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Once Praised by Rudyard Kipling, How an Exotic Drink Became Bone of Contention Between 2 Countries

Image for representational purpose only

Image for representational purpose only

Chile, which had its own traditions of pisco-making, obtained a right of Denomination of Origin (DO) and exclusivity in the production of pisco. Peru, from where the drink acquired its identity some 400 years ago, winced.

News18 Tippling PointAround 500 years ago when the Spanish Conquistadores invaded Peru, they brought with them their favourite drink — wine. It was considered so precious that only Jesuit priests could look over the production and consumption of the fermented grape juice. When they found the grapes imported from Spanish Canary islands inadequate to make wine, the Spaniards looked for options to set up vineyards in the new country.

By 1563, the arid land of Ica in the south of Peru was found to be the perfect spot for the project. Vineyards came up. Wine flowed, nourishing the parched tongues in the church.

The Jesuit priests selected the best quality grapes for their wine, leaving the leftovers for the poor locals. The latter only had to distill the wine they made from those grapes further to discover a new drink, which was more potent and yielded more delirium to their lives.

Aguardiente (fire water) was born.

There are many stories as to how the drink got the name, Pisco. One says that Álvaro De Ponce founded the town of Magdalena in the Pisco Valley, which in the 16th century was making a roaring business out of Aguardiente. It had a port named Pisco, where sailors from different parts of the world gathered en route their voyage to far-off places. The name Aguardiente could be a bit of a tongue twister for the sailors so they began to call the grape liqueur they liked after the name of the place — Pisco. Bingo! Aguardiente got the name it deserved.

Pisco, now popular in both Peru and Chile, was not destined to stay just in the confines of South America. Sailors took it to America, where it made a splash, especially in San Francisco. By the end of the 18th century, Pisco has replaced wine as the main export product from both Chile and Peru. And the valleys of Ica and Pisco, that gets abundant sunlight round the year, accounted for more than 90 per cent of Pisco production in the world.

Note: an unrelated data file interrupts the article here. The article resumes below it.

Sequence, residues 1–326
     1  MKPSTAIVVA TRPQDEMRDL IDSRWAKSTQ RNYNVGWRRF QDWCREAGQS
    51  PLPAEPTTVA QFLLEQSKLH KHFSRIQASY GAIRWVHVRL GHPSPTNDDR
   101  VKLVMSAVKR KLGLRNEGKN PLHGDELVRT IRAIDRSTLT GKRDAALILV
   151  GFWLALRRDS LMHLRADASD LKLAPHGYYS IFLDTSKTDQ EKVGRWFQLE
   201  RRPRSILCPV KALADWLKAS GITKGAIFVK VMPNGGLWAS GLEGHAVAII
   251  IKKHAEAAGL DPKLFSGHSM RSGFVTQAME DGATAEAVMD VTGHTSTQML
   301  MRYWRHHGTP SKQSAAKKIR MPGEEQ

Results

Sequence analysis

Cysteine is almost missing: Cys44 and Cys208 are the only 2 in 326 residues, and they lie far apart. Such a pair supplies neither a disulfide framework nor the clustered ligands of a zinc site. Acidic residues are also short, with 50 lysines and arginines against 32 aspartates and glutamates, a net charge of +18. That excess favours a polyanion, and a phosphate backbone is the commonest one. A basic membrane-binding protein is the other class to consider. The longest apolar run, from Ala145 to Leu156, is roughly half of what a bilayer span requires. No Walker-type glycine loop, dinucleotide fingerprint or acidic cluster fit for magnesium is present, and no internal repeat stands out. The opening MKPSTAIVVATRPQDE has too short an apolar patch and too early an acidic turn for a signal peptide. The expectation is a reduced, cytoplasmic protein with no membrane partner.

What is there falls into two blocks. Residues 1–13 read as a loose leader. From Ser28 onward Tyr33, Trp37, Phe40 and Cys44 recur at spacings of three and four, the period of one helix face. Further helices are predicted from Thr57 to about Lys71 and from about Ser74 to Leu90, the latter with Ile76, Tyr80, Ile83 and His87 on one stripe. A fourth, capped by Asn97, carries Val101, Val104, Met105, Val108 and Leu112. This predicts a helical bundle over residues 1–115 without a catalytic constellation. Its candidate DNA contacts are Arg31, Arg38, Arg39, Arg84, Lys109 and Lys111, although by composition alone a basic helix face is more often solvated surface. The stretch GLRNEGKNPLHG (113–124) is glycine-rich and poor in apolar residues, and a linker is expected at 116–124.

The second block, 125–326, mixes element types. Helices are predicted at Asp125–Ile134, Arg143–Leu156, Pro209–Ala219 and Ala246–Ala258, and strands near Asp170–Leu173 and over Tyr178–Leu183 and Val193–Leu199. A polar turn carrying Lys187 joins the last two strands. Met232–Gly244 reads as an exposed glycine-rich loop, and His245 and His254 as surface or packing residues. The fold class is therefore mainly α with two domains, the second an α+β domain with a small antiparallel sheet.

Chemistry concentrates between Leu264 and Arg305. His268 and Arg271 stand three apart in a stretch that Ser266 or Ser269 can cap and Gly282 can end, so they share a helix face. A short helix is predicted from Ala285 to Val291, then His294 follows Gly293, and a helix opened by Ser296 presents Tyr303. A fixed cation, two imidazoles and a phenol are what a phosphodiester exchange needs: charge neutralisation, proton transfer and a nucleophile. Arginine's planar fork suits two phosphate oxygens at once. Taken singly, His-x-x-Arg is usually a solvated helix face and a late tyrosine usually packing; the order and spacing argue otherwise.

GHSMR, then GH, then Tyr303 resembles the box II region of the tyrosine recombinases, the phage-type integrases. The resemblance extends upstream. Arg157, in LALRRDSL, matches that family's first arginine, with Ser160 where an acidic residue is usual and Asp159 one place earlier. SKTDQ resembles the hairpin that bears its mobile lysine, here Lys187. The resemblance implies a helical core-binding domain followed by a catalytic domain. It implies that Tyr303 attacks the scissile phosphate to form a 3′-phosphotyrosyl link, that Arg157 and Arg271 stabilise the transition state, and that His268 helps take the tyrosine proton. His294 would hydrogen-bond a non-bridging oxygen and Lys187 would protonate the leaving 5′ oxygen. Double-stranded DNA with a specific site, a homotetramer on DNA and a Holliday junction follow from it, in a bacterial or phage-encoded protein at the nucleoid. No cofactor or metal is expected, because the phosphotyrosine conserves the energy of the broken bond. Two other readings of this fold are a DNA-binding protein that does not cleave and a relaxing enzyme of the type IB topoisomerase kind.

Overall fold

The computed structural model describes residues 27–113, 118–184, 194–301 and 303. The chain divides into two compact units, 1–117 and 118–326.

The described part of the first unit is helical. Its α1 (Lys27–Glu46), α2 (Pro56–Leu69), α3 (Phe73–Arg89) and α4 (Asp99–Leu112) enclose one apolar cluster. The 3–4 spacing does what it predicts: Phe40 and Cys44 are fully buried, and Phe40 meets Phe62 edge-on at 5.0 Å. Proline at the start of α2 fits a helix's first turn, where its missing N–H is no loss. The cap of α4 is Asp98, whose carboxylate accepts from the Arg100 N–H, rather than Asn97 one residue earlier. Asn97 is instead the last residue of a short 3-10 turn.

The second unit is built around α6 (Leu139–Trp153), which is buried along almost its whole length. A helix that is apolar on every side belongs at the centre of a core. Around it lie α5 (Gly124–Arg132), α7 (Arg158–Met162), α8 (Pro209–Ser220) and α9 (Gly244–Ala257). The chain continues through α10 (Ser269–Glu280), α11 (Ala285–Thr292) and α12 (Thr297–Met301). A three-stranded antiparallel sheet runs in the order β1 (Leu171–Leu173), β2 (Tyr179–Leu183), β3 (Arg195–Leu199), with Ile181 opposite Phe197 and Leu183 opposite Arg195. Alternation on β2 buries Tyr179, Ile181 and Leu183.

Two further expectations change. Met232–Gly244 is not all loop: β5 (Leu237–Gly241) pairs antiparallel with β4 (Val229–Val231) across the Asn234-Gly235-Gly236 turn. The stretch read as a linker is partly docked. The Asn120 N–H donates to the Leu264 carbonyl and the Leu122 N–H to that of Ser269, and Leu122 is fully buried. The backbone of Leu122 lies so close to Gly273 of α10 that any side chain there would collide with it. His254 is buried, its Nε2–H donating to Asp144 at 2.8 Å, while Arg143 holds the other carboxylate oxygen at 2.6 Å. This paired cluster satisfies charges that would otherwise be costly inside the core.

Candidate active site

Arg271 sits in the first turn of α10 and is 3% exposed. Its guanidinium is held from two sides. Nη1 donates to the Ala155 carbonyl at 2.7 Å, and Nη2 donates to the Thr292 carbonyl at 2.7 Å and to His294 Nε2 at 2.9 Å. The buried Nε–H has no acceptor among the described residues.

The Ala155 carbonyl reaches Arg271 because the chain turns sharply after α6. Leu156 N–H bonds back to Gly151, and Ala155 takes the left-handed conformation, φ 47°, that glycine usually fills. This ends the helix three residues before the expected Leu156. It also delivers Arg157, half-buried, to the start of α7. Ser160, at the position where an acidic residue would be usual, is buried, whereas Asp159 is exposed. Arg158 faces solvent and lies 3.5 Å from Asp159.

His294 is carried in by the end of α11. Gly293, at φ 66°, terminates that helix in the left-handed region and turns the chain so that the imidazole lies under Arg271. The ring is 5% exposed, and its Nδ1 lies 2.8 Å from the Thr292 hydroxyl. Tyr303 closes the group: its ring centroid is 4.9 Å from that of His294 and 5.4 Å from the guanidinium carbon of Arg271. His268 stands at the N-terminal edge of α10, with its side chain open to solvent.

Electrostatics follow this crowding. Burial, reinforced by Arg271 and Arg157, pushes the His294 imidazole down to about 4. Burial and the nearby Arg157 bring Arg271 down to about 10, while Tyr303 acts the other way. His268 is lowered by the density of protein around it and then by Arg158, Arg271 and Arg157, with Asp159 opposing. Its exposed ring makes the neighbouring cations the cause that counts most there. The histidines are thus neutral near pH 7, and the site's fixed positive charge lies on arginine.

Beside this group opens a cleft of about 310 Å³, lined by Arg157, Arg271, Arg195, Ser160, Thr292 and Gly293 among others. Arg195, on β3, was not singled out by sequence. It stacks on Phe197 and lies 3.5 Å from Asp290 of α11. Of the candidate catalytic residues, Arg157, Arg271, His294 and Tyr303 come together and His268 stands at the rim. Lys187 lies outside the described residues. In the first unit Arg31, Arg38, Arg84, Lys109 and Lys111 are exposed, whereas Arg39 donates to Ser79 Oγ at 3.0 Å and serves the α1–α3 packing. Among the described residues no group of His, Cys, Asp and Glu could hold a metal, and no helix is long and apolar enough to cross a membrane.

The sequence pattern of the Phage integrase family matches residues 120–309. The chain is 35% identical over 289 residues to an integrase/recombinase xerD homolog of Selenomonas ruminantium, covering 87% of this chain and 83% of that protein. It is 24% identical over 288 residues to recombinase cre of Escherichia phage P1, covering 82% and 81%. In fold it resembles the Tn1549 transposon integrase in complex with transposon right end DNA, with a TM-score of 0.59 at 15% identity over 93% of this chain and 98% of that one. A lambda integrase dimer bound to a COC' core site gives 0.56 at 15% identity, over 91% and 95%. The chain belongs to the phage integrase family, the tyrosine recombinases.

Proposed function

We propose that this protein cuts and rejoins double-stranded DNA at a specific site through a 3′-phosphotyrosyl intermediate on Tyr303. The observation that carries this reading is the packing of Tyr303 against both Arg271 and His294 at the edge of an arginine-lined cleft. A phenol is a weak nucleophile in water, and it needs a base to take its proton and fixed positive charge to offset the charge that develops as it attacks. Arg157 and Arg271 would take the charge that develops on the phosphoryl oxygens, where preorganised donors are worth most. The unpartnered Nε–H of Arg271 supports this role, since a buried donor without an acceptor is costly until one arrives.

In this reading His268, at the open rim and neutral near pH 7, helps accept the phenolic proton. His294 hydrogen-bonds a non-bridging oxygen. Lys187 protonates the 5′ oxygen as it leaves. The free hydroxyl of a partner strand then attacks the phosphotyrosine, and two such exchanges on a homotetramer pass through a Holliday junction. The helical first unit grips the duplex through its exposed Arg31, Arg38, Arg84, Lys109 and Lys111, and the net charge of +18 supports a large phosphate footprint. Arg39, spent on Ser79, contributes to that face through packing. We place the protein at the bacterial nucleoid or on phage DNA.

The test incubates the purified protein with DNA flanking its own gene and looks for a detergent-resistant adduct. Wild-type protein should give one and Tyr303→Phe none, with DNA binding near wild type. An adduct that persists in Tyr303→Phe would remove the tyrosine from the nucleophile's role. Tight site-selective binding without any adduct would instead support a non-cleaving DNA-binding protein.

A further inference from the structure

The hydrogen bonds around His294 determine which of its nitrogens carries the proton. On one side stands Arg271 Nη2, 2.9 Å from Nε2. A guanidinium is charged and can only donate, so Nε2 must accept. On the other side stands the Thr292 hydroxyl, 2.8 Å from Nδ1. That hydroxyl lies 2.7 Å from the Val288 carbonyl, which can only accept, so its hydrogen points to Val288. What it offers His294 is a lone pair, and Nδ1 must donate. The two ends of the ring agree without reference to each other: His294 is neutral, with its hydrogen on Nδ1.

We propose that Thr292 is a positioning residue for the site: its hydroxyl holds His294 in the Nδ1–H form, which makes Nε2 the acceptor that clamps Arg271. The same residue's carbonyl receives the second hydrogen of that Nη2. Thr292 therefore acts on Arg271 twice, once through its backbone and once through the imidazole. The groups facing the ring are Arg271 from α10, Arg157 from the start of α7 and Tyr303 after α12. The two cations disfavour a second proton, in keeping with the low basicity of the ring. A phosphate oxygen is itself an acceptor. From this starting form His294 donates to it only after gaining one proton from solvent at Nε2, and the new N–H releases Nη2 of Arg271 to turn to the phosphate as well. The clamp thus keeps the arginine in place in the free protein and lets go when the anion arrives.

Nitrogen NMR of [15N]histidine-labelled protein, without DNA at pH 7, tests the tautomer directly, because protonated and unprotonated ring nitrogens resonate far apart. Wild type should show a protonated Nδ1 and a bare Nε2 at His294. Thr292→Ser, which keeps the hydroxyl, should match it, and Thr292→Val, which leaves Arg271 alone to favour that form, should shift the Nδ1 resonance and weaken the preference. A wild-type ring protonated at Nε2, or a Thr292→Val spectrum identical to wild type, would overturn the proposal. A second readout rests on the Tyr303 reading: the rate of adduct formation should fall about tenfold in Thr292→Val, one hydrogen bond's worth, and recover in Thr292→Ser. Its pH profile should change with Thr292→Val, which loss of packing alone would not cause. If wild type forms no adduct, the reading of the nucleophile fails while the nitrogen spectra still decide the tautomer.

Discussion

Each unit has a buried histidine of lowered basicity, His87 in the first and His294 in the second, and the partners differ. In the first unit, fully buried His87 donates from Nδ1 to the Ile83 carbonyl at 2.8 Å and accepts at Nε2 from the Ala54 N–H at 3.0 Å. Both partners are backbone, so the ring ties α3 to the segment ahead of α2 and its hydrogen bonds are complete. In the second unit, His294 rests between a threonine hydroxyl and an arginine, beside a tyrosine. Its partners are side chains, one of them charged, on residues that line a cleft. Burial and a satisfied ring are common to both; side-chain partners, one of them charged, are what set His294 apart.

The age of gold rush chimed perfectly well with this new craze for this exotic drink from Latin America. In the bars of San Francisco customers were treated with fantastic pisco cocktails recently invented. But don't assume the drinks came in cheap. The popularity of pisco had by that time taken it out of the poor man's reach — a glass would make you poorer by 25 cents — a steep price during those days. The most famous drink in the 19th century was Pisco Punch. Pisco became so popular that writer Rudyard Kipling waxed eloquently about its taste. It tastes of "shavings of cherub's wings, the glory of triopical dawn, red clouds of sunset and fragments of lost epics by dead poets."

What more does a drink want from a writer!

But glory does not last.

Prohibition in the US hit hard, and when it got repealed after 13 years, pisco could not come out of its hibernation just like whisky or brandy. It was not inventive like rum or sophisticated like vodka.

Instead of struggling to find a footing in a new world emerging out of the two world wars, pisco was caught in a fight for possession. Chile, which had its own traditions of pisco-making, obtained a right of Denomination of Origin (DO) and exclusivity in the production of pisco. Peru, from where the drink acquired its identity some 400 years ago, winced.

Soon, they also developed their own Denomination of Origin claiming its deep connection with its drinking culture. The tussle began. Suddenly, pisco started enjoying two national days — the fourth Sunday of July is Pisco day for Peru and February 8 became Piscola day in Chile.

There were other issues as well. When the demand for cotton increased following the American Civil War, farmers in Peru and Chile began to replace their vineyards with cotton, which impeded the production of pisco.

But towards the end of the 20th century, Pisco once again regained its lost glory in both Peru and Chile.

It is its variety that makes Pisco special.

Pure pisco is made from a single variety of grapes which gives more importance to its taste. The more expensive and thinner is the Pisco green must, which has little sugar content. Pisco acholado takes its flavour from an assortment of grape varieties.

Pisco can also be taken straight from a small lowball as a digestive. Or you can explore its versions in cocktails.
first published:May 31, 2020, 15:24 IST